Cape Town: India wilted under the pressure of a knock-out game yet again after skipper Harmanpreet Kaur’s freak run out as defending champions Australia entered their seventh successive Women’s T20 World Cup final with a five-run win here on Thursday.
India’s shoddy fielding and catching allowed Australia to post a challenging 172 for four after Meg Lanning opted to bat in the semifinal.
At 28 for three, India were down and out but Harmanpreet (52 off 34) and Jemimah Rodrigues (43 off 24) produced a counter-attacking 69-run stand off just 41 balls to bring the team back in the game.
India needed a very gettable 39 off last 30 balls with five wickets in hand but as it has been the case in the past, the team came up short to finish at 167 for eight.
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India had lost to five-time champions Australia in the previous World Cup final and more recently in the CWG final last year.
Another loss in a knock out game extended India’s long wait for a world title.
Despite losing the destructive Shafali Verma and star batter Smriti Mandhana cheaply, Jemimah and India skipper ensured boundaries.
Harmanpreet, who was a doubtful starter for the do-or-die game due to high fever, got going with a crisp six over long on off Jess Jonassen.
Rodrigues looked in sublime touch from the get go, dispatching Ashleigh Gardner for consecutive fours off her first two balls. Her inside out lofted drives over extra cover off the spinners was the highlight of her innings.
At 93 for three in 10 overs, India were very much on course for a famous win. Jemimah and Harmanpreet’s omnious stand ended when the former tried to a guide a slow bouncer Darcie Brown but ended up edging it to the wicketkeeper.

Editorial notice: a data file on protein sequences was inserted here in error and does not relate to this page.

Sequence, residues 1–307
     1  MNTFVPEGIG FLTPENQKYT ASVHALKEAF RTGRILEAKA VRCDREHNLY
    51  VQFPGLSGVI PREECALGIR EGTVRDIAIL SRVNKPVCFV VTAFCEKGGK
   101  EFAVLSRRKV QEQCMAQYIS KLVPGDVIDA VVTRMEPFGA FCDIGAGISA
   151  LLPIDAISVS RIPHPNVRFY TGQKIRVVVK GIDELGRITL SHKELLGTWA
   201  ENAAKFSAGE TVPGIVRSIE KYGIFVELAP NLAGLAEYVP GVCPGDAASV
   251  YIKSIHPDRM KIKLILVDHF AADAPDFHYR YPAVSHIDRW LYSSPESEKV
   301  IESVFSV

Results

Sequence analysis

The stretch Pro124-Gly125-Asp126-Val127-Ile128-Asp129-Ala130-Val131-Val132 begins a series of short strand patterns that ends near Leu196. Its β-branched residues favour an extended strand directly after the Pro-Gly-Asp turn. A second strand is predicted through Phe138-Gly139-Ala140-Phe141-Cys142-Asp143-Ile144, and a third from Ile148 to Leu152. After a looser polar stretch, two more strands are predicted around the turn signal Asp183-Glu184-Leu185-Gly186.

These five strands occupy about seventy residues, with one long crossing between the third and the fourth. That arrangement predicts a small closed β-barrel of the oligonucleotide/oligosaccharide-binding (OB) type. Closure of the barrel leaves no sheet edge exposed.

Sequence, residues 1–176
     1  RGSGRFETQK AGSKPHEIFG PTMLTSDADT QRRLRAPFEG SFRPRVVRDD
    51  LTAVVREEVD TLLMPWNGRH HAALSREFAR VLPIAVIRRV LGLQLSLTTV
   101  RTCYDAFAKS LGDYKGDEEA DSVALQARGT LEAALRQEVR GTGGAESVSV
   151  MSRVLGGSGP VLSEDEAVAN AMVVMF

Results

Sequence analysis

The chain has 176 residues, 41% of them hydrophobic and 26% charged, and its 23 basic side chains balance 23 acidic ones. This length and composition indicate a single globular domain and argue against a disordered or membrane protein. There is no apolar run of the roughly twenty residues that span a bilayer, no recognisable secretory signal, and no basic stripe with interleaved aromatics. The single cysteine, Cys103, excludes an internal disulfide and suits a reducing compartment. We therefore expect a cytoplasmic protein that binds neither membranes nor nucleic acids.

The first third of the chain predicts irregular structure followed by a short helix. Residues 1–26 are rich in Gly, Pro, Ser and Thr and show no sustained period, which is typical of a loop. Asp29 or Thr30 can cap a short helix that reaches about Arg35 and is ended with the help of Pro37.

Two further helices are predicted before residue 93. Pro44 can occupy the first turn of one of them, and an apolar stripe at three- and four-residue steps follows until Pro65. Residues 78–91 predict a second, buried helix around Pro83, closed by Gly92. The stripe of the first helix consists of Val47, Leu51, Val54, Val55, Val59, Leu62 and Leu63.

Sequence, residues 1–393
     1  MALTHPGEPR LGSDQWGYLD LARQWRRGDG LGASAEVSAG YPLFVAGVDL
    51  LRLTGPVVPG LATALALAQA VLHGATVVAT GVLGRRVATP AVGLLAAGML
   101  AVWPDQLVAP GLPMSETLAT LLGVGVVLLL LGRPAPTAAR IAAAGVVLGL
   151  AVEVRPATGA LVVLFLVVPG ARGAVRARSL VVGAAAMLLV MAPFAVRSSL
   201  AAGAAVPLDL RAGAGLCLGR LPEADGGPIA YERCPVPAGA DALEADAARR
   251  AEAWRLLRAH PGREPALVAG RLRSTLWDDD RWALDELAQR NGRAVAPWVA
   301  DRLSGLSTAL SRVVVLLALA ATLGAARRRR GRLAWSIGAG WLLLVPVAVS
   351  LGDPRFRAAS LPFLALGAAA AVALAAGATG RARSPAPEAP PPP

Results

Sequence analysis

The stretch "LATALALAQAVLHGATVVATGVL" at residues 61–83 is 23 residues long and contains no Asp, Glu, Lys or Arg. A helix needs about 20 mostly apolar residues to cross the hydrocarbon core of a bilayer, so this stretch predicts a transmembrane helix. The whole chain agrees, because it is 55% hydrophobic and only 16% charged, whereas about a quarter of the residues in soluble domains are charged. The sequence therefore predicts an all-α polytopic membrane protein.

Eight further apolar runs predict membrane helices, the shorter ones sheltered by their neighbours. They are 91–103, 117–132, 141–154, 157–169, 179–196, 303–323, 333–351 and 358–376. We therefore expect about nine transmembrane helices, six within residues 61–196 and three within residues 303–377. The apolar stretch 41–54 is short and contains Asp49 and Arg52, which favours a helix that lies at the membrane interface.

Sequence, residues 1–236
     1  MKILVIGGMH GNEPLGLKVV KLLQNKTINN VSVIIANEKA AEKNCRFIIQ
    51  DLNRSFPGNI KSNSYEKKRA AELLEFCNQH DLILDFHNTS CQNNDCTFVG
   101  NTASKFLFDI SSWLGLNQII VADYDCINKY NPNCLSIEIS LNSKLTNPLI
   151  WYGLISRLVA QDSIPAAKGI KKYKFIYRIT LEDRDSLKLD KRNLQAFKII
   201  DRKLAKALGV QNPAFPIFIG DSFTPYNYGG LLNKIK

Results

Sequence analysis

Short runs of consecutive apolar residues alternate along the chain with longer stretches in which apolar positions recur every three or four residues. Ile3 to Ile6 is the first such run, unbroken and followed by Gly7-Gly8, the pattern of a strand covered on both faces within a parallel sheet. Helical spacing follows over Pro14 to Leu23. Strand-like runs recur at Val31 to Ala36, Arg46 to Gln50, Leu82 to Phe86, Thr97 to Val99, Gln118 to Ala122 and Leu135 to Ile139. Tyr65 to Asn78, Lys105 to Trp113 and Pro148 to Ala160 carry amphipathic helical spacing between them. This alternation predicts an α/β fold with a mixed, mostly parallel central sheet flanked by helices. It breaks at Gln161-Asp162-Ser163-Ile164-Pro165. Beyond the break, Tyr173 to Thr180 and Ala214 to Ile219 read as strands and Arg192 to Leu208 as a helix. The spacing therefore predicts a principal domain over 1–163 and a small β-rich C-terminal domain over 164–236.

Harmanpreet, who is known to bring out her best against the Aussies, looked at her vintage best with her sizzling strokeplay. Like Jemimah, she too made good use of her feet to get the fours.
She got to her fifty with back-to-back fours off Wareham in the 15th over before a freak run out brought another twist in the game.
It was a comfortable double but on way to completing the second run, Harmanpreet’s bat got stuck in the ground and Alyssa Healy was quick to take the bails off with the Indian out of the crease.
It was turning point of the game.
India’s bowling effort also left a lot be desired as Beth Mooney extended her envious record against India with a classy 54 off 37 balls.
One of the best power-hitters in the game, Ashleigh Gardner, hurt India with 31 off 18 balls while skipper Meg Lanning made 49 not out off 34 balls.
Australia opted to bat at a sunny Newlands and Harmanpreet did not seem to mind Lanning’s call.
There was no swing on offer, making life a lot difficult for star pacer Renuka Thakur, whose first ball of the game was a half volley to Alyssa Healy (25 off 26) and she duly put it away.
Healy is usually the aggressor in her opening partnerships with Mooney but it wasn’t the case on this occasion.
It was Mooney who got the boundaries more regularly in their 52-run stand as she manoeuvred the field beautifully with her nimble footwork against the spinners. Shafali dropped a regulation catch off Mooney at long on when she was on 32.
Deepti, India’s most consistent spinner in the tournament, bowled too short in her opening spell. Her second over went for 12 runs as Mooney stepped out for a six over wide long off.
Besides the inconsistent line and length, poor fielding and catching cost India a lot of runs.
Lanning, who was dropped early in her innings, made India pay with an unbeaten 49 off 34 balls. She collected two sixes and a four in the 20th over bowled by Renuka, who went wicketless in her four overs and conceded 41 runs.
Sneh Rana, playing in place of Pooja Vastrakar, was unfortunate not pick any wicket as she troubled the batters with her flight. She could have had Lanning caught behind in her first over but wicketkeeper Richa Ghosh dropped the chance. Richa also fluffed a stumping chance of Lanning.
The last five overs yielded 59 runs for Australia.